Robert Allison: Benjamin Franklin and the Invention of America
Find out how a runaway Boston apprentice became one of the most influential and famous men of his age. Historian Robert Allison will explore both the celebrated and lesser known aspects of founder Benjamin Franklin’s remarkable life on August 16 at 5 PM at the Truro Meeting House. The talk, co-sponsored by the Truro Public Library and the Friends of the Truro Meeting House, will offer a preview of Allison’s new DVD for The Great Courses lecture series. You know that Franklin worked with electricity—did you know that John Adams did not like him? But that both Cotton Mather and Voltaire did like him? Or that he is the only Founder in a sports Hall of Fame? That one of his essays was considered so vulgar he was kept out of the 19th Century Hall of Famous Americans? Or that he is in the Chess Hall of Fame—and that the first book about chess published in Russian was Franklin’s essay on the game? Allison will bring alive Franklin and his eventful life as few know it.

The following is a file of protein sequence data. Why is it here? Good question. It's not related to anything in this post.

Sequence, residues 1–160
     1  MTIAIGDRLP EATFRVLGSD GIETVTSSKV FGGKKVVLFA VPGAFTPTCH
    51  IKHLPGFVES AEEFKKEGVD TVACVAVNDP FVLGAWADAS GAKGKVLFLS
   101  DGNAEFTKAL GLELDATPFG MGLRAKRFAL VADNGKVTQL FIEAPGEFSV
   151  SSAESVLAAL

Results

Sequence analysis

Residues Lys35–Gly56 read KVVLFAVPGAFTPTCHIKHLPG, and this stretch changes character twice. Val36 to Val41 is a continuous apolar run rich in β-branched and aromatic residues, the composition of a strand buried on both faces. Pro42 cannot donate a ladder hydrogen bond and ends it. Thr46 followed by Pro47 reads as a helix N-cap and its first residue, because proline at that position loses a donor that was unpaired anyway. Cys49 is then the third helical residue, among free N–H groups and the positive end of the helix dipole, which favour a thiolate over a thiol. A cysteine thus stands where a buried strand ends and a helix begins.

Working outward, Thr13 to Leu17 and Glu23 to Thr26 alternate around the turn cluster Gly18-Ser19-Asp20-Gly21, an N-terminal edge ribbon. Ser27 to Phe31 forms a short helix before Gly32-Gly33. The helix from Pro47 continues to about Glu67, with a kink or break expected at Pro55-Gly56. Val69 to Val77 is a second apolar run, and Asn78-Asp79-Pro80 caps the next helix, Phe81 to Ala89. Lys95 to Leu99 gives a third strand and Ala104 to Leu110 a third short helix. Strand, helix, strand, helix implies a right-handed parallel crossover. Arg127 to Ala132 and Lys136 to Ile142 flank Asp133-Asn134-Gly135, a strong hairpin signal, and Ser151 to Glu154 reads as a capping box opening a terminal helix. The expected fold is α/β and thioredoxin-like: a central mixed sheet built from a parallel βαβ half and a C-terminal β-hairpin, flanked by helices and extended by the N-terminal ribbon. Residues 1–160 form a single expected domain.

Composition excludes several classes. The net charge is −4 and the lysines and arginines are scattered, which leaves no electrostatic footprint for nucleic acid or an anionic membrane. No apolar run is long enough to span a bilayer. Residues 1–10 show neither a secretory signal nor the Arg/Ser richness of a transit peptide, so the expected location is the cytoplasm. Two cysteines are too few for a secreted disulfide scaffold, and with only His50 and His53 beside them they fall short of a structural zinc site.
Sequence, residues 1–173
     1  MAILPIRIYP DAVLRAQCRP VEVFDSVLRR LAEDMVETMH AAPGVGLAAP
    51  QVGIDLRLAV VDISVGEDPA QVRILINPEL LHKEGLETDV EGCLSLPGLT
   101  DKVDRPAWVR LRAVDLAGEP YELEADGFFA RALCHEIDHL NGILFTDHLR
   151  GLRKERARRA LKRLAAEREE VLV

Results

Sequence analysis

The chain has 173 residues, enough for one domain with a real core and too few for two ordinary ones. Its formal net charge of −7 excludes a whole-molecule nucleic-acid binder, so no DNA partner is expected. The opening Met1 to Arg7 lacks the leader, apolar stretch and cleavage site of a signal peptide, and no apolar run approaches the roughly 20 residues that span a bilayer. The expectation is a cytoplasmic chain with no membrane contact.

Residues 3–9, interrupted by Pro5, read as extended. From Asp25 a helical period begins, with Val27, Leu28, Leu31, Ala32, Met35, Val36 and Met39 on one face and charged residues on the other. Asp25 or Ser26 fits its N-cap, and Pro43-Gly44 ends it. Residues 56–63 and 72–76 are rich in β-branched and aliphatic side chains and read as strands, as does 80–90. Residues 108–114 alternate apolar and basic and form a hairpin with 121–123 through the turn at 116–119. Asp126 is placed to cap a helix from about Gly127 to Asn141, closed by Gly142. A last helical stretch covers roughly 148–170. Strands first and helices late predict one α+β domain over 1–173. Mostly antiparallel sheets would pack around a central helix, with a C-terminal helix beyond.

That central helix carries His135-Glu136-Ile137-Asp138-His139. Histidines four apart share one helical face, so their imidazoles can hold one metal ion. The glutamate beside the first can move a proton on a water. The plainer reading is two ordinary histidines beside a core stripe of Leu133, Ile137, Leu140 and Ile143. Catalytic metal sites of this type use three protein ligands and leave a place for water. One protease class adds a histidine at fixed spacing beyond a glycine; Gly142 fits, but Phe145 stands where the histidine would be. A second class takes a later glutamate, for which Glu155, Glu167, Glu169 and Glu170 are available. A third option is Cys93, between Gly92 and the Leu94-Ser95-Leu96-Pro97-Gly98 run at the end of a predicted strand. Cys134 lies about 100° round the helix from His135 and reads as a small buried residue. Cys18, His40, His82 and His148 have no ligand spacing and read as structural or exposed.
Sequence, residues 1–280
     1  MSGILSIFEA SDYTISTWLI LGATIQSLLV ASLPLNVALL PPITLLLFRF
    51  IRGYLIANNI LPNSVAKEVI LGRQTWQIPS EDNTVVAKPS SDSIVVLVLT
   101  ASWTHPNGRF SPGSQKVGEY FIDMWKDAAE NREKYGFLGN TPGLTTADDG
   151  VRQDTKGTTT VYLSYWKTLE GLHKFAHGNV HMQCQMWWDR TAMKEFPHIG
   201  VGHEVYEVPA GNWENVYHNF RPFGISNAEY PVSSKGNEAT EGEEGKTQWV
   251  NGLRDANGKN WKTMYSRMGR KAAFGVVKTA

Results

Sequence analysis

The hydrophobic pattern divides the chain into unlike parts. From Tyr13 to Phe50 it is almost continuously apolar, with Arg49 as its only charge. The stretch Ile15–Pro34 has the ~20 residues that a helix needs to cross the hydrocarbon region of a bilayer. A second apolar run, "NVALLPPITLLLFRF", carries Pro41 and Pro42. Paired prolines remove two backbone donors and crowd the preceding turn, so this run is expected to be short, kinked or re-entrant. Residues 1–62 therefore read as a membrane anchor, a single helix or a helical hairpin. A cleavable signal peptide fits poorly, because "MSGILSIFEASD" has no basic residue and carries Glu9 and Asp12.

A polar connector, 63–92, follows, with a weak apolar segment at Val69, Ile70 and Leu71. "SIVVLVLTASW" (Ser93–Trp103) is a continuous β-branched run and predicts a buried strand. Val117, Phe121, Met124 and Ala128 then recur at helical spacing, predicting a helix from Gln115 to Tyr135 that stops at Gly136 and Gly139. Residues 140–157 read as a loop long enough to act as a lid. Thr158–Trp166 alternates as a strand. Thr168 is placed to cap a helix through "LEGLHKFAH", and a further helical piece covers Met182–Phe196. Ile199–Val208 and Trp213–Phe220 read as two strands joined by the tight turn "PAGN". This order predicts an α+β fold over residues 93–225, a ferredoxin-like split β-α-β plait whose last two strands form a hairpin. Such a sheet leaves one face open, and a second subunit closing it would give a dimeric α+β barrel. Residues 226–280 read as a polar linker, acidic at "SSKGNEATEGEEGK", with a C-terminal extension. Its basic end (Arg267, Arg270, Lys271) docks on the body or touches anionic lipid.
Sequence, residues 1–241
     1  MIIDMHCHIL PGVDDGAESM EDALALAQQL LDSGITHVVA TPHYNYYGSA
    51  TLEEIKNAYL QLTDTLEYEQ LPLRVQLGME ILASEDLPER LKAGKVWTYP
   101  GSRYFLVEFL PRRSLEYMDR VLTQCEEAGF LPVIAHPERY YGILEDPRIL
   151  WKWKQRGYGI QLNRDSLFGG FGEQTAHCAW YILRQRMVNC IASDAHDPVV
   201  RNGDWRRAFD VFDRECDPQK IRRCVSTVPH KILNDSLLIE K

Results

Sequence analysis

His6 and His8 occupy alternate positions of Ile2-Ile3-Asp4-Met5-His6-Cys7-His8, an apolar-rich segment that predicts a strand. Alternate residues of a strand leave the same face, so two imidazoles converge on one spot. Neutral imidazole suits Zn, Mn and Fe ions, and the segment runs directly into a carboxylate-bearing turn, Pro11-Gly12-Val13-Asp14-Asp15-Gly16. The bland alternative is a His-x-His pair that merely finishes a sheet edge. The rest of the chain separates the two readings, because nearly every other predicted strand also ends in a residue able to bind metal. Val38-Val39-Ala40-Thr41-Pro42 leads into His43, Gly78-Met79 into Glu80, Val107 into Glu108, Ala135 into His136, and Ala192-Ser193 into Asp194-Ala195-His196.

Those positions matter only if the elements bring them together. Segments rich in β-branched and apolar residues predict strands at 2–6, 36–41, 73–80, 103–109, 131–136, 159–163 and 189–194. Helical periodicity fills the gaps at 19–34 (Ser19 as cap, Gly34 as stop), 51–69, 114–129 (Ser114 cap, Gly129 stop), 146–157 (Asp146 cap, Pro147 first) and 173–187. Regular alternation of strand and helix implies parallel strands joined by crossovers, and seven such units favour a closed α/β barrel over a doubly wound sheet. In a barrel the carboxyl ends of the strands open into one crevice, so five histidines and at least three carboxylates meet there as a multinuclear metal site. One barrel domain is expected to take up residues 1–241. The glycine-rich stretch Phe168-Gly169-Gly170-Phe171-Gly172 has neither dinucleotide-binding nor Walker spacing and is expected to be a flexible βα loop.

A professor of History at Suffolk University, Allison is president of the South Boston Historical Society, vice president of the Colonial Society of Massachusetts, and is a Trustee of the USS CONSTITUTION Museum. His books include The American Revolution: A Very Short Introduction, A Short History of Cape Cod, A Short History of Boston, and Stephen Decatur: American Naval Hero. Great Courses previously released Allison’s lecture series, “Before 1776: Life in the American Colonies,” available on DVD from The Teaching Company, Great Courses (2009), and is currently producing a Great Courses series on Benjamin Franklin.